Bridgewater tried just that late in the first half against Eastern Kentucky on fourth-and-2, and coach Charlie Strong made it clear the junior doesn’t have that authority no matter how highly ranked the Cardinals might be or how much a Heisman Trophy candidate his quarterback might be.

“We have enough coaches on staff,” Strong said he told Bridgewater when ordering him to the sideline.

ridgewater turned in another strong performance, throwing for 397 yards and four touchdowns in the seventh-ranked Cardinals’ 44-7 win over Eastern Kentucky on Saturday. He completed passes to eight different Cardinals for a second straight game and threw TDs to three different players. But Bridgewater sounded frustrated by a lack of production in the run game and graded himself as only average completing 23 of 32 passes.

“Everyone may see 397 yards …, but what I see is the less than 100 yards rushing,” Bridgewater said. “I build my success around complete offense and total offense. I may have thrown for 397 yards, but there are some things I’m going to have to work on … My check game, getting better looks for the running backs. I’m going to watch the film and evaluate.”

Louisville ran the ball pretty well in the season opening win over Ohio, showing plenty of balance behind Perry, Brown and former Auburn running back Michael Dyer. The Cardinals totaled 199 yards in that game. Against FCS-level Eastern Kentucky, the Cardinals (2-0) ran the ball 28 times for 78 yards, averaging 2.8 yards per carry. Senorise Perry scored on a 5-yard touchdown run, and both he and Dominique Brown had an 8-yard run apiece. They just couldn’t get first downs when needed with Bridgewater helping pick up 15 of the 20 first downs through the air.

The Cardinals now have to try to improve before visiting in-state rival Kentucky, a game that offers Louisville its lone opportunity at a win over a Southeastern Conference team no matter how the Wildcats are struggling under first-year coach Mark Stoops.

“It should be a fun experience,” senior linebacker Preston Brown said of playing in Lexington. “My last time in this rivalry, hopefully, we will get out with a win next week.”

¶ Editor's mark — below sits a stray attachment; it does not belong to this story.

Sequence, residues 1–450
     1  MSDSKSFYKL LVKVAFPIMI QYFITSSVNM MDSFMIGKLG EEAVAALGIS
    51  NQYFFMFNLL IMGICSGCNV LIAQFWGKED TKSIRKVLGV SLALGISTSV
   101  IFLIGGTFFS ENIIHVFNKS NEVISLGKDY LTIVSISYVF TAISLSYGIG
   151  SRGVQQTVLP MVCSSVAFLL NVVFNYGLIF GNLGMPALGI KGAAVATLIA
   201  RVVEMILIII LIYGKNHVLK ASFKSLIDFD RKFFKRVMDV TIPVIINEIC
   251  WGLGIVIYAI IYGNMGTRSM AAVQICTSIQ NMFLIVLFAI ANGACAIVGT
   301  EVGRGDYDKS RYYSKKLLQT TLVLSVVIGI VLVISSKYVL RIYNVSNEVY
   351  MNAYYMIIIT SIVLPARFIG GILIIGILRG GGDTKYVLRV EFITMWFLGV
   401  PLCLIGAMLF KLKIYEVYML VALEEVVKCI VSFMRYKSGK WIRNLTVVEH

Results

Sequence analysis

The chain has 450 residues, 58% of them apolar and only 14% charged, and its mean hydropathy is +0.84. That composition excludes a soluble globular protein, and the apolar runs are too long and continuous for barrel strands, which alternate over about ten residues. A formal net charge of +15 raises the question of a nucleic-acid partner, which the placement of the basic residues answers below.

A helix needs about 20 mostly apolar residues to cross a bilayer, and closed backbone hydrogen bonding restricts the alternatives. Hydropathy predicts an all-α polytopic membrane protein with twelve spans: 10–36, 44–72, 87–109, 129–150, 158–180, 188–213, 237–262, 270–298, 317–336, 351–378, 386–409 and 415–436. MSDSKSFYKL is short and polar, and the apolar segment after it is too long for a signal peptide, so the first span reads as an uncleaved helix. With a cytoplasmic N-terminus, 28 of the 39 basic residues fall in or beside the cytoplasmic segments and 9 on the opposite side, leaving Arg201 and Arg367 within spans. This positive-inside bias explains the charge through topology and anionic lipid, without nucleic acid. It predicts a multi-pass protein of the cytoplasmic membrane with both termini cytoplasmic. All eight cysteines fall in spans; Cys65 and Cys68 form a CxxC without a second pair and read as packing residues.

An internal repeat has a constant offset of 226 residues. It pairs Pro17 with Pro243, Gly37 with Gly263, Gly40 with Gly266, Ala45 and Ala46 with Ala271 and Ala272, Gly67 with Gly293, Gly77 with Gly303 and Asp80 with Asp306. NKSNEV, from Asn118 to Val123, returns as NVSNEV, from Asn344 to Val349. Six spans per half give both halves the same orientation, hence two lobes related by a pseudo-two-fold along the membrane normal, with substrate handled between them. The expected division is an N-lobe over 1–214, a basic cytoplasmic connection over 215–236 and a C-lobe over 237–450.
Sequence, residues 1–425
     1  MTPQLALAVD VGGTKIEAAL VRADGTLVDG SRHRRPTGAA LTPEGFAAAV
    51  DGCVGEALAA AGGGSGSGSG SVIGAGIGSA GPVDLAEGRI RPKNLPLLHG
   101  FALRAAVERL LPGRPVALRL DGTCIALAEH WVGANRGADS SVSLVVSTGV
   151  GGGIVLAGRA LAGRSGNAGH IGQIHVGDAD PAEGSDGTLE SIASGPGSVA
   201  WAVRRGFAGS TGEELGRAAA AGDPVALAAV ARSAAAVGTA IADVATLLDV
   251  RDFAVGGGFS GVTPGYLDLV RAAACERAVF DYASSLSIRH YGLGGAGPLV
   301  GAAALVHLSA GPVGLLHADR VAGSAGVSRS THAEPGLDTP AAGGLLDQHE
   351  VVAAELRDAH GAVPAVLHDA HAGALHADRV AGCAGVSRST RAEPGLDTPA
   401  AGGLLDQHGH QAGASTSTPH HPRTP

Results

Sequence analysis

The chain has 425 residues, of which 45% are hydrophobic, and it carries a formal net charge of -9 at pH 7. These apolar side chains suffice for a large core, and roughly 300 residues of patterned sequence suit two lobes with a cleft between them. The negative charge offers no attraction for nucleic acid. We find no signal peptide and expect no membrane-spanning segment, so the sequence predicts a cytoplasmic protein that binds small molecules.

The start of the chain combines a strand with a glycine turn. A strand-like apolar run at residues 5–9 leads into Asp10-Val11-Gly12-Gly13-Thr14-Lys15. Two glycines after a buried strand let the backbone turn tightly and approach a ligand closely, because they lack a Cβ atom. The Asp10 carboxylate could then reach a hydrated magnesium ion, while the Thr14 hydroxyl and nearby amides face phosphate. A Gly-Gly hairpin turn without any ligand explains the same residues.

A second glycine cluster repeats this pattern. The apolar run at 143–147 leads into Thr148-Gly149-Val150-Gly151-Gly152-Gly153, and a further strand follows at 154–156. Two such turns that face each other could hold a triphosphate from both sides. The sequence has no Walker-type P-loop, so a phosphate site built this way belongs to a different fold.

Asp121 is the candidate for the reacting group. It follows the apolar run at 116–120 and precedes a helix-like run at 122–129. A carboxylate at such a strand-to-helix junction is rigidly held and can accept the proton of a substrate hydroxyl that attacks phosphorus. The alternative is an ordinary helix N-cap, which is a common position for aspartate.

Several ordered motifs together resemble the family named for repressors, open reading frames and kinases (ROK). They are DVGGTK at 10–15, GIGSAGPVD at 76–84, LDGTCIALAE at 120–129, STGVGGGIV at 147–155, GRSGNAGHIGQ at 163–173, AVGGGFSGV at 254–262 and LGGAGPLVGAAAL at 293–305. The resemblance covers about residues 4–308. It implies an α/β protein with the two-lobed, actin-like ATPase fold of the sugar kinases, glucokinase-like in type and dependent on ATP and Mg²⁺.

Bridgewater said he has no idea how Kentucky is looking right now. Still, this is a rivalry with lots of passion between schools that really can’t stand each other, and Bridgewater expects Cardinals’ fans to put plenty of red into Commonwealth Stadium.

“We’ve got a lot of bragging rights on the line,” Bridgewater said.



LOUISVILLE — He’s still trying to figure out exactly what to expect from his team, but first-year Kentucky coach Mark Stoops is also having to learn to deal with other obligations that go with being head coach.

“It is very different. First time going through all these things, first time at this event,” said Stoops Wednesday at the annual Governor’s Cup press conference to promote the UK-Louisville game. “Sorry I couldn’t make the (Governor’s Cup fundraiser) event last night, but I was in Bristol at the ESPN ‘Car Wash’ and that was a great experience. SEC Media Days is something that, I don’t know if you could ever get prepared for that. Just a very large event.

“Things like that, it’s managing your time, finding the time to get in there with your coaches and your players. I know (Louisville) Coach (Charlie Strong) and I were just talking a little bit, we’re both going to be ready to get in there with our coaches and with our team and watch football.”

Stoops will be back in Louisville Friday for a UK alumni luncheon that is expected to attract 800 or more fans. Kentucky will host the annual Women’s Clinic Saturday and over 500 are expected. He also had a fundraising function Saturday night.

“There’s obligations involved there with being a head coach and I understand that. With that being said, yeah, you do feel like at some point you’re really ready to get in there and get coaching your guys. We have so much to do, I’ll be anxious to get coaching that team,” Stoops said.